For many employers, trade secret information can be the lifeblood of their business. Trade secrets are generally information that gives the employer an economic advantage over its competitors because it has taken reasonable measures to safeguard that information so that it is not generally known. Examples of trade secret information can include customer lists, pricing information and product formulas or recipes, such as the recipe to Coca-Cola or the Colonel’s secret 11 herbs and spices for KFC chicken.
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Historically, trade secrets have been the subject of state law, either by statute or common law. Many states have adopted some version of the Uniform Trade Secret Act. The DTSA now provides certain employers remedies in federal court over and beyond what may be provided under state law.
One of the main provisions of the DTSA is that employers can now sue in federal court for misappropriation of trade secret information, provided that the information “is related to a product or service used in or intended for use in interstate or foreign commerce.” Thus, employers will now have the option to litigate trade secret claims in federal court similar to actions for copyright or patent infringement.
The DTSA provides for a three-year statute of limitations from the date of the misappropriation or when an employer has reasonably learned of the misappropriation. This limitations period is similar to that found in many state laws but employers are reminded that they should not wait the entire three year period before pursuing such claims. Rather, swift action to prevent or mitigate further trade secret misappropriation is often necessary to show the court an entitlement to injunctive relief against the alleged trade secret misappropriator.
One new “weapon” in the DTSA is the provision of a new remedy: civil seizure. This allows an employer who believes that its trade secret information has been misappropriated and that such information is in danger of being moved, hidden or otherwise disposed of by the alleged perpetrator, to obtain an order allowing law enforcement to seize the alleged trade secret information and have it held by the Court pending further hearing. To obtain such an order, the plaintiff employer must show that equitable remedies such as an injunction are inadequate, that the employer will suffer “an immediate and irreparable injury” if seizure is not ordered, that harm to the plaintiff employer in not ordering seizure outweighs any harm to the legitimate interests of the alleged perpetrator, and that the plaintiff employer is likely to succeed in showing that its information is in fact trade secret and has been unlawfully misappropriated. Upon receiving an order of seizure, the plaintiff employer will have to post a security, i.e., a bond or undertaking (similar to what is required in obtaining an injunction) and the court must take steps to ensure that the person subject to the seizure order is not subjected to publicity. After the seizure has been accomplished, the court will hold a further hearing giving the defending party an opportunity to present evidence as to why the seizure was unwarranted and/or unnecessary. The DTSA also provides a cause of action to the defending party if it sustains damage as the result of a “wrongful or excessive seizure” and that its damages are not limited to the amount of a bond posted in obtaining the seizure order.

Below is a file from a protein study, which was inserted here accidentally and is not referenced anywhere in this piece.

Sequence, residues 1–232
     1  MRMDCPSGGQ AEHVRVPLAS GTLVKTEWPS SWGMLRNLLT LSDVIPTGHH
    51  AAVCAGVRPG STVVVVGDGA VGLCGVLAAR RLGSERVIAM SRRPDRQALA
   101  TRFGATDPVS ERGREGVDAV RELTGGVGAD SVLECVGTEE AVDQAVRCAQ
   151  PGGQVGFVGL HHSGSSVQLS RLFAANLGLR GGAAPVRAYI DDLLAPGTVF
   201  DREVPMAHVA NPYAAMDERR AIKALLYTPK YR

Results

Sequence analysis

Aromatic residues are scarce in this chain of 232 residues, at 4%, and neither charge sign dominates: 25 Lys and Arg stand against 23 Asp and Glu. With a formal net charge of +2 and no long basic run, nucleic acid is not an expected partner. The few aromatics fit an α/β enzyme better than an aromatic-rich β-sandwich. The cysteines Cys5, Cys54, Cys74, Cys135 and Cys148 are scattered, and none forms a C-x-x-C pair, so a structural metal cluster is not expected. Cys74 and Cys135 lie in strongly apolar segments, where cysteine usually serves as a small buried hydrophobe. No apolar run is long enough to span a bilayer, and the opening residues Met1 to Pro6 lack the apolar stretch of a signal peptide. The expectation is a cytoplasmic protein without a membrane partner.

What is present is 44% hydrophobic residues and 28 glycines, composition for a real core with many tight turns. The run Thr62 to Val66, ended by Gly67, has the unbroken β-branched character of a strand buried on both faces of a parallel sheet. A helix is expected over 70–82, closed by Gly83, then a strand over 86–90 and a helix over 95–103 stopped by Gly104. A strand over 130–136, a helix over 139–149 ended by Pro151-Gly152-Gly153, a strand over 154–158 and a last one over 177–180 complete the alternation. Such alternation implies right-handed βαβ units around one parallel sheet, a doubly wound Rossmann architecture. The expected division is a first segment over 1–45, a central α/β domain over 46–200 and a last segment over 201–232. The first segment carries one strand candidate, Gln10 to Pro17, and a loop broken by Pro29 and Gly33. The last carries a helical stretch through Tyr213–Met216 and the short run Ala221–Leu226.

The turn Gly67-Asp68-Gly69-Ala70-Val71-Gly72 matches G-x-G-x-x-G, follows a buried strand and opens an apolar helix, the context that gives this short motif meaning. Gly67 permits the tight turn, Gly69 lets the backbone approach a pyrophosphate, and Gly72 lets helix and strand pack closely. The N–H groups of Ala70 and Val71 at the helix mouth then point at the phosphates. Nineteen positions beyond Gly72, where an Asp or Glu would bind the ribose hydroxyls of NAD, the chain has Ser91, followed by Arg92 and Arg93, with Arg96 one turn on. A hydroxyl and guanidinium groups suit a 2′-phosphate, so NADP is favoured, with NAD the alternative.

In addition to a seizure remedy, the DTSA also provides for injunctive relief, monetary damages, punitive damages if the trade secret misappropriation is willful and malicious and attorney’s fees in certain matters. An award of punitive damages under the DTSA may not exceed two times the award of damages and attorney’s fees may be awarded to the prevailing party if either: (1) the plaintiff’s claim for trade secret misappropriation was made in “bad faith”; or (2) if the misappropriation of the trade secret information by the defendant was willful and malicious.
A final key component of the DTSA is that it provides immunity from liability for certain confidential disclosures of trade secret information to governmental agencies or in connection with court filings. For instance, the DTSA provides immunity if an individual discloses a trade secret, provided the disclosure is made “in confidence to a federal, state or local government official either directly or indirectly or to an attorney and solely for the purpose of reporting or investigating a suspected violation of law.” Furthermore, an employee who files a lawsuit for retaliation by an employer for reporting a suspected violation of law may, with immunity, disclose a trade secret to his or her other attorney and use the trade secret information in the subsequent lawsuit provided that any documents containing trade secrets are filed under seal. Importantly for employers, they must “provide notice of the immunity set forth in this subsection in any contract or agreement with an employee that governs the use of a trade secret or other confidential information.” An employer’s failure to provide this notice in any contract entered into after the effective date of the DTSA will result in the employer being unable to recover punitive damages or attorney’s fees under the DTSA.
The DTSA is expected to provide employers additional ammunition to protect their trade secret information. Employers should consult with legal counsel to determine whether they have information that is subject to the DTSA and if so, ensure that they are in compliance with the notice requirement to their employees.